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Friday, 15 December 1905

Senator PLAYFORD (South Australia) (Minister of Defence) . - I move -

That the Bill be now read a second time.

When the Customs Tariff Act was before Parliament, the question of the desirability of giving some encouragement to the manufacture of iron and steel from local ores was seriously considered ; and it was, I think, the opinion of the majority that some assistance was advisable, and that the best method was that of bonuses. Accordingly, there was inserted in the Customs Tariff Act what is known as " Division VI. a - Metals and Machinery," which had for its object the granting of bonuses. Throughout the Commonwealth there are extensive and valuable deposits of both coal and iron ore. In New South Wales the deposits of coal and iron are in close proximity, and in Tasmania and South Australia there are also large deposits. At the present time the Broken Hill Proprietary are using iron ore flux in connexion with their operations at a place called Iron Knob, where there is a perfect mountain of ore of high percentage. I am not aware at this moment whether there are any deposits in Queensland.

Senator Drake - There are large deposits in Queensland.

Senator PLAYFORD - I know that iron ore is found in Western Australia, and, indeed, in every other State of the Commonwealth. All communities which have reached a high state of prosperity by means of manufactures have possessed) the advantages of large supplies of native iron and coal. England herself owes her manufacturing supremacy and her prosperity mainly to her wealth of resource in thatrespect, and the same may be said of Belgium and that part of Germany known as Westphalia, where the chief centres of industry are Dusseldorff and Essen. We have similar examples in Pennsylvania and other places in America. At the beginning of Federation it was, as I say, considered that the development of the iron industry could be best assisted by means of bonuses, and!, therefore, when the Customs Tariff Act was before Parliament, Division VI. a, to which I have referred, was inserted. The division reads -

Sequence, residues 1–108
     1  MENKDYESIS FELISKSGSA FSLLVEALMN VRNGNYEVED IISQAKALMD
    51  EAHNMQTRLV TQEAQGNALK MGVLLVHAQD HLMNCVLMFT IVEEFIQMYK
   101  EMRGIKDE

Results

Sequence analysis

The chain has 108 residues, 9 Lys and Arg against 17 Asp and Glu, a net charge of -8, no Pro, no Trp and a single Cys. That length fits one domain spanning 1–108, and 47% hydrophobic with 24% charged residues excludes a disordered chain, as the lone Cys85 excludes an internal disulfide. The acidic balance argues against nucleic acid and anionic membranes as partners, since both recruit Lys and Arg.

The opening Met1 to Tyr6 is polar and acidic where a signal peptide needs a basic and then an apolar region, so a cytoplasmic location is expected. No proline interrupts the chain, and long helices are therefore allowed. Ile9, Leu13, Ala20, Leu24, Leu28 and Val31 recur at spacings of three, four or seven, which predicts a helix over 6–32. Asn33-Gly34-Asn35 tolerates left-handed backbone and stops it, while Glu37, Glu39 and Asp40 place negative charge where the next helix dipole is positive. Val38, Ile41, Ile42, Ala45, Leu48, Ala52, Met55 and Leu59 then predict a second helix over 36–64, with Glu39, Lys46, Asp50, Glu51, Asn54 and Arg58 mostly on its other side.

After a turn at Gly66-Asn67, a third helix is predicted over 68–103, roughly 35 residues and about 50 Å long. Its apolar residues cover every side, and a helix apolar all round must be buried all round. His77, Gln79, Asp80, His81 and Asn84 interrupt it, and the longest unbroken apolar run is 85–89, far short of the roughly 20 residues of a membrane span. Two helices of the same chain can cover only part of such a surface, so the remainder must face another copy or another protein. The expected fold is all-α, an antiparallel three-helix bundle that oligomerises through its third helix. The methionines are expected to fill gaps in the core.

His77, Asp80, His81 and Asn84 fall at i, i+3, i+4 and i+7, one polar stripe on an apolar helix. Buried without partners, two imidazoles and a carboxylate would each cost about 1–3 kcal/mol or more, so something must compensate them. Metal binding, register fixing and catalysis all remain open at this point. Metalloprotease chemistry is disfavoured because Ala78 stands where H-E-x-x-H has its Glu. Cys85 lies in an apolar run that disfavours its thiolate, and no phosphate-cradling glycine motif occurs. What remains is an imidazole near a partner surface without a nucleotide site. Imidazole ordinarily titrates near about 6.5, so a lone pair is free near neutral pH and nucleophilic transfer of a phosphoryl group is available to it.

To come into operation on dates to be fixed by proclamation, and exempt from duty in the meantime, except as to iron, galvanized, plate, and sheet. Proclamation to issue so soon as it is certified by the Minister that the manufacture to which the proclamation refers has been sufficiently established in the Commonwealth, according to the provisions of any law relating to bonuses for the encouragement of manufactures or to the establishment of manufactures under the direct control of the Commonwealth or State Governments, but no proclamation to issue except in pursuance of a joint address passed on the motion of Ministersby both Houses of Parliament, stating that such manufacture is sufficiently established.

When the division should come into operation, a variety of iron products, including scrap iron and steel, pig-iron, ingots, blooms, slabs, billets, puddled bars, anc? so forth, had to bear a duty of 10 per cent, ad valorem; but in the meantime, however, all these articles had to be admitted free of duty. Until the manufacture is established so as to supply all the requirements of the Commonwealth, it would be a hardship on manufacturers of machinery to impose a protective duty. A Bill,, known as the Bonus for Manufactures Bill, was introduced by Mr. Kingston, as Minister of Trade and Customs, and read a first time in the session of 1901-2, and a report of Mr. Kingston's speech, in moving the second reading, may be found in Hansard for 27 th May, 1902. On the vote on the second reading, there was twenty-four for, and eighteen against, or a majority of six in favour of the measure. On the motion of Mr. Watson, the Bill was referred to a Select Committee?, consisting of, in addition to the mover, Sir Edward Braddon, Mr. Joseph Cook, Mr. Winter Cooke, Mr. L. E. Groom, Mr. Hughes, Mr. Kirwan, Mr. Mauger, Mr. Watkins, Mr. McCay, and Mr. Fuller. That Committee was appointed on the 2nd September 1902, ,and, if I remember rightly, their report showed that the Committee were divided - four members being in favour of the Bill, and four preferring that the manufacture of iron should be undertaken by the Commonwealth Government, or by the States Governments. The Bill was further considered on the 1 8th October, 1904 - when Mr. Chapman, who was then in charge, related its history. The second reading on that occasion, 9th December, 1904. was carried by twenty-seven votes to six. That was immediately before the prorogation, and the Bill was practically dropped. The trouble was that while some honorable members were of opinion that the bonus should be given without any condition, to either States or private individuals, others confended that the assistance should be confined to a Commonwealth or State enterprise. But there is a section of the Constitution which prevents any enterprise of the kind being entered upon by the Commonwealth; and that, I think, is most unfortunate.